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Umbrella Corporation requests bailout

APRIL FOOL'S DAY: Company founder begs Senate for $100 billion aid package in order to avoid imminent collapse, "unfortunate accidents."


WASHINGTON, D.C.--Executives from the Umbrella Corporation today asked the US government for nearly $100 billion in aid money. They said that without such funding, the world's largest pharmaceutical bioterrorism researcher could go bankrupt as early as June. It would be the company's second bankruptcy, having restructured several years ago after running a gauntlet of lawsuits and criminal investigations.

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"This isn't just about keeping the Umbrella family together, or making sure our 10,000 employees have paychecks to put food on the table," Umbrella founder Ozwell E. Spencer said in an impassioned speech to the US Senate earlier today. "It's about hope. It's about mom, baseball, and apple pie. It's about keeping the United States at the forefront of exciting fields such as pharmaceutically mind-controlled supersoldiers."

Spencer said that simply powering the containment tanks at Umbrella's Washington, D.C. facility of supermutated biological weapons costs several million a month. He added that the company has been genetically engineering these creatures, which can no longer be deemed "human," so that they can sustain themselves only on the flesh of the perpetually homeless. Although Spencer stressed that only grown males were intended to be among the sustainable food sources for these creatures, he did admit that, "There are some glitches that have yet to be worked out." Last month's glitches alone tallied three women, a small orphanage, and a stray cat.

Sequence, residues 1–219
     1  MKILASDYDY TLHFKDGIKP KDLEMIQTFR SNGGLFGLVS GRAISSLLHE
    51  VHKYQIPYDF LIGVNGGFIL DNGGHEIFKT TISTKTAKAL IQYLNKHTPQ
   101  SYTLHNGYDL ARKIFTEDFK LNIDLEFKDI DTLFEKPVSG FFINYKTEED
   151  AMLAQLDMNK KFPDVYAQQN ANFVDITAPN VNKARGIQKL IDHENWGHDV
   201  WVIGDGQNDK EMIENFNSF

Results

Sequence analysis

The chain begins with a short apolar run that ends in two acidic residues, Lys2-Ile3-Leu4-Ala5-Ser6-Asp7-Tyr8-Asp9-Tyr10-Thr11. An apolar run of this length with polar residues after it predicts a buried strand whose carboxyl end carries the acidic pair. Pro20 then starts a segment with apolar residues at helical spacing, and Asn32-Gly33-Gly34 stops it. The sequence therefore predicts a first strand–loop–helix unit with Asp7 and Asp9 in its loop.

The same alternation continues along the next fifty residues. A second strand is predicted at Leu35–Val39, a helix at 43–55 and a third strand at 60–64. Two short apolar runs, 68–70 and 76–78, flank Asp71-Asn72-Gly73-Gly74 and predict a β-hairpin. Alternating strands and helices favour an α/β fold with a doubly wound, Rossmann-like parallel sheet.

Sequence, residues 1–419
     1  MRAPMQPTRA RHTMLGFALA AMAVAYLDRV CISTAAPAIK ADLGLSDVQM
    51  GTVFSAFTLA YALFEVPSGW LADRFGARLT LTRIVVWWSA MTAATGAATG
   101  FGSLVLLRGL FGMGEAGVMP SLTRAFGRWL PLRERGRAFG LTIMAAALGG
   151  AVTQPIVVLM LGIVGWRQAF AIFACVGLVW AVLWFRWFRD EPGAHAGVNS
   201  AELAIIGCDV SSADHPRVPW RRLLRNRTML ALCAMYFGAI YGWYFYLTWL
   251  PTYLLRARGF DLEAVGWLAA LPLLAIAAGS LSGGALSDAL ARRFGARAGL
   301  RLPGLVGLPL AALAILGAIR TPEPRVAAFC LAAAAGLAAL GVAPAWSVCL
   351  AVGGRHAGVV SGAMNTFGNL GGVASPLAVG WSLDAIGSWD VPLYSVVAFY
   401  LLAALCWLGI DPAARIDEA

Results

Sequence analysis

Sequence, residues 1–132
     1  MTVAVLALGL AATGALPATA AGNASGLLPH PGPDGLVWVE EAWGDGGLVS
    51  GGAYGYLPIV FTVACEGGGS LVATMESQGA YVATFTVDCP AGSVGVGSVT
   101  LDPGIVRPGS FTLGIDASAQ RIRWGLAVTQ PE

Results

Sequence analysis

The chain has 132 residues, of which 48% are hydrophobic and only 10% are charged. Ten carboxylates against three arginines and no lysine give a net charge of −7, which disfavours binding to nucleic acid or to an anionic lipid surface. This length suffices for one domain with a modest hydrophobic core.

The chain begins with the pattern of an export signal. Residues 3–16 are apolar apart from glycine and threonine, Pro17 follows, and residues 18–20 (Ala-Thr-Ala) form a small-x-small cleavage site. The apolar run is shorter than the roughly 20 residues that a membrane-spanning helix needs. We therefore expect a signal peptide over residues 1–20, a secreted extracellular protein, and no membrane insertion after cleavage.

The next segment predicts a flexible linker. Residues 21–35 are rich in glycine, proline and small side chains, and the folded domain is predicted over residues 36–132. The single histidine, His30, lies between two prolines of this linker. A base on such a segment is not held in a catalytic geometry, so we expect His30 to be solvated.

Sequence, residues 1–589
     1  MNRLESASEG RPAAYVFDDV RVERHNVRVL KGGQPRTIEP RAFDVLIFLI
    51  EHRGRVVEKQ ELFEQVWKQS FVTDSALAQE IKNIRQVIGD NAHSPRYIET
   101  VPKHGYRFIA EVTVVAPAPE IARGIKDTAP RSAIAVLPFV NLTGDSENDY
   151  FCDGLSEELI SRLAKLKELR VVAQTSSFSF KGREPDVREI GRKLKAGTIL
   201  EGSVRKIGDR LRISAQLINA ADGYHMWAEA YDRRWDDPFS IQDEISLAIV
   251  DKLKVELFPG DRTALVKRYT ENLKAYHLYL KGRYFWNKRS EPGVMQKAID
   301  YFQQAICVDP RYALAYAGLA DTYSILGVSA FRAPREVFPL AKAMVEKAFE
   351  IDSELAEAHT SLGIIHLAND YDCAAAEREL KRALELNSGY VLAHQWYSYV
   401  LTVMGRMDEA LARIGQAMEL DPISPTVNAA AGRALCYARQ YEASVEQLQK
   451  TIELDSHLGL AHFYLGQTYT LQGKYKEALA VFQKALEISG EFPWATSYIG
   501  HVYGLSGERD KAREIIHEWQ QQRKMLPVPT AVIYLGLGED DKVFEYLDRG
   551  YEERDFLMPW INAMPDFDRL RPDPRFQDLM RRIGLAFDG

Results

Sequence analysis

Opponents of the proposed Umbrella bailout, such as Senator Ron Davis, have criticized the company for stepping up its outsourcing in recent years. "Umbrella practically owned Raccoon City as the rural town grew into an industrialized metropolitan center," declared the senator. "But after the city was devastated by an unrelated catastrophe, Umbrella turned its back on the hard-working Americans of Raccoon City who survived physically, if not mentally. Instead, the company turned overseas, using subsidiaries to set up operations in rural Spain and the African nation of Kijuju, where labor is incredibly cheap and frequently homicidal."

Sen. Ron Davis
Sen. Ron Davis

After Spencer's appearance before Congress, Atlantic Colgate Securities' Wilson Evans downgraded Umbrella stock from "Hold" to "Sell."

"After years of stagnant revenues and slipping profit margins, we have lost faith in this management team," Evans said in a note to investors. "While they undeniably lead the world in turning ordinary people into turbo-freaky killing machines with, like, a bajillion tentacle knives, we are beginning to rethink the profit potential of furthering humanity's evolution by devastating the world's population. Also, we believe the corporation faces customer confusion issues, as Umbrella has been responsible for roughly a dozen different viruses on the market in the span of about a dozen years. Do they really expect consumers to understand the difference between the T-Virus and the T-Veronica Virus, or Las Plagas and Uroboros?"

In other bailout news, after being denied federal funding last month, the Mishima Corporation declared Chapter 7 bankruptcy today. "It turns out that holding a no-holds-barred international fighting tournament to determine the company's CEO wasn't such a hot idea after all," lamented one executive who wished to remain nameless.

The above story is (obviously) fictitious, and was written as part of GameSpot's annual April Fool's Day celebrations. Its content is purely satirical and comedic, and is not intended to be interpreted as an assertion of fact. It also does not reflect the actual views of GameSpot or its parent company, CBS Interactive.

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